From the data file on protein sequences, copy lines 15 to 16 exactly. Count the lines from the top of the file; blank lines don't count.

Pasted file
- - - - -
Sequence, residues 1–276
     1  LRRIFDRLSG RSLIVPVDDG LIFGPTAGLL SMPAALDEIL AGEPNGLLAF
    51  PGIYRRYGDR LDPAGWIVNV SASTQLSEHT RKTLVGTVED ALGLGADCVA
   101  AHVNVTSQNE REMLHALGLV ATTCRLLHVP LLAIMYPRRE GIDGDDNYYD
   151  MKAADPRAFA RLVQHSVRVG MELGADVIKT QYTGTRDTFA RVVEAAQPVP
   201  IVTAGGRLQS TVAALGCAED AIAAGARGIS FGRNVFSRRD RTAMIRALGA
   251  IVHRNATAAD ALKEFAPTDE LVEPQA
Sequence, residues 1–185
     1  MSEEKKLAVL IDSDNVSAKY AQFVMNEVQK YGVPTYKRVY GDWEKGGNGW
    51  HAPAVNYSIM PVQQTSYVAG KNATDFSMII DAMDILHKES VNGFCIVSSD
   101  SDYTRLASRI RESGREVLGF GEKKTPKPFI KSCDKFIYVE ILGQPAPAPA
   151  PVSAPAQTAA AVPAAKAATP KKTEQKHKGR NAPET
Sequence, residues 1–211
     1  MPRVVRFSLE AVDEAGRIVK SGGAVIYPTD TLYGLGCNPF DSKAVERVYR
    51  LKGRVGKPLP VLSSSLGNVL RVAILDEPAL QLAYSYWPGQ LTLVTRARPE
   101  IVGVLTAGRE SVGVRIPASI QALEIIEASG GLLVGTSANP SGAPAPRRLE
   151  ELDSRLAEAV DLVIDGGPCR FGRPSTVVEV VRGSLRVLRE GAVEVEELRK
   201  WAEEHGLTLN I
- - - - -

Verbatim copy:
    51  LKGRVGKPLP VLSSSLGNVL RVAILDEPAL QLAYSYWPGQ LTLVTRARPE
   101  IVGVLTAGRE SVGVRIPASI QALEIIEASG GLLVGTSANP SGAPAPRRLE